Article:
Geo + Aux Heat: Setback and Economy
I'm the new owner of a residential geothermal HVAC system and have encountered some troubling surprises concerning the way the system uses the aux (gas) heat. First, I learned that using the programmable setback feature of the t-stat is not advised, because: "If the geo is called upon to raise the temperature more than 2 degrees, it will trigger the aux heat, which is much more expensive to run." What's more, "when the aux heat is triggered, the geo shuts down," thus deriving zero benefit from it.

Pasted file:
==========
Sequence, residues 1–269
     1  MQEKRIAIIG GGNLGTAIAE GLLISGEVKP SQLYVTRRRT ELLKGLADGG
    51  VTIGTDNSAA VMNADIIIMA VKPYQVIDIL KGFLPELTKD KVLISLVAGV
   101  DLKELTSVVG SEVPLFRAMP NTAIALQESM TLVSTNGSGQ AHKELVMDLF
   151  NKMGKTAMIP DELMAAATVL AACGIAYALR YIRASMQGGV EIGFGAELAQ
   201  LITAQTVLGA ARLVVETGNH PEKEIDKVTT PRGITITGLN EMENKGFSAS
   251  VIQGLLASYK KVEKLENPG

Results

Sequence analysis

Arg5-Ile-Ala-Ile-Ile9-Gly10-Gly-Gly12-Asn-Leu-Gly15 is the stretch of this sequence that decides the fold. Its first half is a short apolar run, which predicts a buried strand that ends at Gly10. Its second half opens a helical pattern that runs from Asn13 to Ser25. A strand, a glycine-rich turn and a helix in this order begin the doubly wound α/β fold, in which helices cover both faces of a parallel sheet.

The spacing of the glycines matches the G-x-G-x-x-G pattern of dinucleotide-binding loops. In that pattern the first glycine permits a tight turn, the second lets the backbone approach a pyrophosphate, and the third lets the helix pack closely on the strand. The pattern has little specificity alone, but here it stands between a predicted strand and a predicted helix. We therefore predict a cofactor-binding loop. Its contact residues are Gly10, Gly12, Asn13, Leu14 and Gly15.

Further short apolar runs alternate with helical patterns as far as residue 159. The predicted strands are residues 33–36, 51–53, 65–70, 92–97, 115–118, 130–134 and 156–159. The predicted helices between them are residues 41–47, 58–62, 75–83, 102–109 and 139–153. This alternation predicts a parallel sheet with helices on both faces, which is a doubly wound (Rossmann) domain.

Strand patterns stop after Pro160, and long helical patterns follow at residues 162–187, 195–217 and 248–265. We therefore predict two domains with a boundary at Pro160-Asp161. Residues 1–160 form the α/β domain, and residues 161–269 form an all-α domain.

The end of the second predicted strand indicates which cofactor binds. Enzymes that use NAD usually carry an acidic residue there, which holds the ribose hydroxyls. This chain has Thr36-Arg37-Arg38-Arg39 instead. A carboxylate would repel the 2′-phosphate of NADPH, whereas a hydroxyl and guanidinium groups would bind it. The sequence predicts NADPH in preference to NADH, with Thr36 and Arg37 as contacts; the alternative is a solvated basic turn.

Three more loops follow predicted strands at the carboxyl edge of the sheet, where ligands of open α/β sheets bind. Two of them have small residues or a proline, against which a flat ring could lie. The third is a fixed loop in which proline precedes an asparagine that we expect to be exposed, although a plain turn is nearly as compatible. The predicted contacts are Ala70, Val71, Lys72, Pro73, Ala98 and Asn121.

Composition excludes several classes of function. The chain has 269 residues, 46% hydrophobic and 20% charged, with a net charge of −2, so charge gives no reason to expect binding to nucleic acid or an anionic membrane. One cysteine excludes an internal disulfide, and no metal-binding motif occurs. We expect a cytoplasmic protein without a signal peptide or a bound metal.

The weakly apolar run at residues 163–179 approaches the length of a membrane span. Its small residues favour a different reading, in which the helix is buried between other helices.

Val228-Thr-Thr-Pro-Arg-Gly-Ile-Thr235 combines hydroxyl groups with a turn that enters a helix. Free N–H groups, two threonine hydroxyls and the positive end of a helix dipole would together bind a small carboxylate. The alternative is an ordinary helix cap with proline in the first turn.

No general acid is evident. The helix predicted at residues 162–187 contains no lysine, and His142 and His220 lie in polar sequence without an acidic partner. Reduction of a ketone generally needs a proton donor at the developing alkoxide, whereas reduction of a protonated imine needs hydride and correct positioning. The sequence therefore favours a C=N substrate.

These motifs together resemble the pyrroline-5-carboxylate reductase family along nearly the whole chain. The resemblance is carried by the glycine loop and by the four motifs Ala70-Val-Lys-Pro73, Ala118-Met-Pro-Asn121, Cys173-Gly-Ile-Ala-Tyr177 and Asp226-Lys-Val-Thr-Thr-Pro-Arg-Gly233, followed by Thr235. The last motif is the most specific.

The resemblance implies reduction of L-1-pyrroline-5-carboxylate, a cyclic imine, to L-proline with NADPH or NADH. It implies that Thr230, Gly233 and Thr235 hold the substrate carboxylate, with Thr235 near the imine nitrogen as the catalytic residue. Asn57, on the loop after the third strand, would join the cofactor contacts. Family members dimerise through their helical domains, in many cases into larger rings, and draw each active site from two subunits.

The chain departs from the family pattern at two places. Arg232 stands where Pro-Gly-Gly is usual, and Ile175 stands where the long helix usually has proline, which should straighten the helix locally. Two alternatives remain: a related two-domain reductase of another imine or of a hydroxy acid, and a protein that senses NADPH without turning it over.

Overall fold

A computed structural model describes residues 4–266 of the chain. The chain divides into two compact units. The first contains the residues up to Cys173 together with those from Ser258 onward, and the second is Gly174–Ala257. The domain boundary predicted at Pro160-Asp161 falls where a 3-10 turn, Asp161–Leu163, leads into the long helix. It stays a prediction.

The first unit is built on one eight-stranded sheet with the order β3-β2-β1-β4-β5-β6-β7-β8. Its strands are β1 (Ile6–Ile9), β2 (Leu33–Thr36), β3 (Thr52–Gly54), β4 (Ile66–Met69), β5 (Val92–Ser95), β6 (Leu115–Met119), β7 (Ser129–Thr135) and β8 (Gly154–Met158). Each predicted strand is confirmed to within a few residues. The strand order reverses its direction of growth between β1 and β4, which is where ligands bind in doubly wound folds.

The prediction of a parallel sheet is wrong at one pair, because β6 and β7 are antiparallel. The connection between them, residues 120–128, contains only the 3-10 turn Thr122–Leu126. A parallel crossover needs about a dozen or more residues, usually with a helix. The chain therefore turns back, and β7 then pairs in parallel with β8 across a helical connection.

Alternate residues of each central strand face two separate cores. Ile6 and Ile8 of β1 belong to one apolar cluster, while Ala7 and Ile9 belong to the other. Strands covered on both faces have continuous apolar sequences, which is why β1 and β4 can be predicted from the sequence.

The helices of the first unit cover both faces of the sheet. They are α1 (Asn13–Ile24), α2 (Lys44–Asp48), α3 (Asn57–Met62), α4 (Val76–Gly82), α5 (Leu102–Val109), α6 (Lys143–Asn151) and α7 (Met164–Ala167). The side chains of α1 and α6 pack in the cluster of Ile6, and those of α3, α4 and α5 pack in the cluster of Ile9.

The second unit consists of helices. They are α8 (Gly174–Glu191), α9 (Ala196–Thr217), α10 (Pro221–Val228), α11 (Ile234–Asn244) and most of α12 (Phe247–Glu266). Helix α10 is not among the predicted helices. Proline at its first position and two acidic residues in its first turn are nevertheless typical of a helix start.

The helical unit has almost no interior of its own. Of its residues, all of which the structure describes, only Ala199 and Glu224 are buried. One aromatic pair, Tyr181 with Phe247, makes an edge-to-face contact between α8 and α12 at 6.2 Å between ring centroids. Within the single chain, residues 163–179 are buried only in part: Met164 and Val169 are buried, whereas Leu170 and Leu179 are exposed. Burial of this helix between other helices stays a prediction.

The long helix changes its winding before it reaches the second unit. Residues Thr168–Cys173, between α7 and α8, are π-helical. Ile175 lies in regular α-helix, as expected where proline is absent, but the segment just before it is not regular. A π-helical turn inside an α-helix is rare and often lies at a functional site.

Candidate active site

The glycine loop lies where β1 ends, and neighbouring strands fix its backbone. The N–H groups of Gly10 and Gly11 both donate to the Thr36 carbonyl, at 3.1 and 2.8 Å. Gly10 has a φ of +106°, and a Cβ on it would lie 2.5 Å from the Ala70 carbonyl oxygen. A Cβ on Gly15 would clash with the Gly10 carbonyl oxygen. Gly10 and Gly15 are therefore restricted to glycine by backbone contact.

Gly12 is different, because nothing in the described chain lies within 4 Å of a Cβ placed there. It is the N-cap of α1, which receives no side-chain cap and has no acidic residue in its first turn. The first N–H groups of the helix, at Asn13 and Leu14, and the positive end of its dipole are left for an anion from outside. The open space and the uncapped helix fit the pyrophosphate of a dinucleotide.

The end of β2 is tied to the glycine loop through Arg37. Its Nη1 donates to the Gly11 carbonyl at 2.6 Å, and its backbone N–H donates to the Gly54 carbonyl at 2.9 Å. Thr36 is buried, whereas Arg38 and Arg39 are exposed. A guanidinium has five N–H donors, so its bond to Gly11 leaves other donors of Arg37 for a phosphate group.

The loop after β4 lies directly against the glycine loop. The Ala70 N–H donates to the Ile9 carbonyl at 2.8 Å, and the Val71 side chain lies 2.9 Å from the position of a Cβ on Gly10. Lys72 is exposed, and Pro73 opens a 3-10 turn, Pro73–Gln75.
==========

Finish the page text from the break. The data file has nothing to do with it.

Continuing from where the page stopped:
Is this correct, and is it necessary? I can understand that an A-coil mounted above the furnace (that is, in the path of the gas-heated air) won't be able to transfer much, if any, heat to air that has been preheated, perhaps even to a temperature hotter than the geo fluid. If that is the reason behind shutting off the geo, then couldn't the A-coil be placed ahead of the furnace??
And if there is no getting around it, is there a way to make the system run only on geo? Could it lock out the aux heat as long as the indoor temp remains above a programmed threshold? There are many times (overnight, for one, or when the house is empty during the day) when I would choose economy over comfort.
(The system consists of a Bryant Envision 120,000 BTU gas furnace and Waterfurnace NDZ064 with de-superheater and 5-ton loops; NRAC 060 coil; Honeywell VisionPro IAQ thermostat.)
Thanks for any insight, options, suggestions, or other help you can provide.
- MM / montgomd